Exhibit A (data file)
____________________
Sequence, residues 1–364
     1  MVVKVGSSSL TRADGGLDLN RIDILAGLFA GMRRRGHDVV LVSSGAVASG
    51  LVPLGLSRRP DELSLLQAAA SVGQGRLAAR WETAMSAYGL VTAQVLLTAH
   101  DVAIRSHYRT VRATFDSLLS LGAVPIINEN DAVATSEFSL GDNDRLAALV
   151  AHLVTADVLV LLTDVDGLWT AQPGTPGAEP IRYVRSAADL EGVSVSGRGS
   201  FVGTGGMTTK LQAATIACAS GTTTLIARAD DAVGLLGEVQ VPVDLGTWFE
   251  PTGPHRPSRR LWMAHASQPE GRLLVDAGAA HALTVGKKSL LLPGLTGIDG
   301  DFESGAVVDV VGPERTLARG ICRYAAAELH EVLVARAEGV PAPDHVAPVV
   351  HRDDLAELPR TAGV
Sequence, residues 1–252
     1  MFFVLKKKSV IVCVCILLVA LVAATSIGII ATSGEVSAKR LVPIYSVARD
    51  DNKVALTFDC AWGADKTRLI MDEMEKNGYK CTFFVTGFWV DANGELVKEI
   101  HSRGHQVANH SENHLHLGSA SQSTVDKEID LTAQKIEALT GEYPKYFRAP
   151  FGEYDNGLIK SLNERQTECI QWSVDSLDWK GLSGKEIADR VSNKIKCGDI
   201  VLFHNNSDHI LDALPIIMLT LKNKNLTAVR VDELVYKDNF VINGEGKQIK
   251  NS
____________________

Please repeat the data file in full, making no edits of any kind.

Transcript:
Sequence, residues 1–364
     1  MVVKVGSSSL TRADGGLDLN RIDILAGLFA GMRRRGHDVV LVSSGAVASG
    51  LVPLGLSRRP DELSLLQAAA SVGQGRLAAR WETAMSAYGL VTAQVLLTAH
   101  DVAIRSHYRT VRATFDSLLS LGAVPIINEN DAVATSEFSL GDNDRLAALV
   151  AHLVTADVLV LLTDVDGLWT AQPGTPGAEP IRYVRSAADL EGVSVSGRGS
   201  FVGTGGMTTK LQAATIACAS GTTTLIARAD DAVGLLGEVQ VPVDLGTWFE
   251  PTGPHRPSRR LWMAHASQPE GRLLVDAGAA HALTVGKKSL LLPGLTGIDG
   301  DFESGAVVDV VGPERTLARG ICRYAAAELH EVLVARAEGV PAPDHVAPVV
   351  HRDDLAELPR TAGV
Sequence, residues 1–252
     1  MFFVLKKKSV IVCVCILLVA LVAATSIGII ATSGEVSAKR LVPIYSVARD
    51  DNKVALTFDC AWGADKTRLI MDEMEKNGYK CTFFVTGFWV DANGELVKEI
   101  HSRGHQVANH SENHLHLGSA SQSTVDKEID LTAQKIEALT GEYPKYFRAP
   151  FGEYDNGLIK SLNERQTECI QWSVDSLDWK GLSGKEIADR VSNKIKCGDI
   201  VLFHNNSDHI LDALPIIMLT LKNKNLTAVR VDELVYKDNF VINGEGKQIK
   251  NS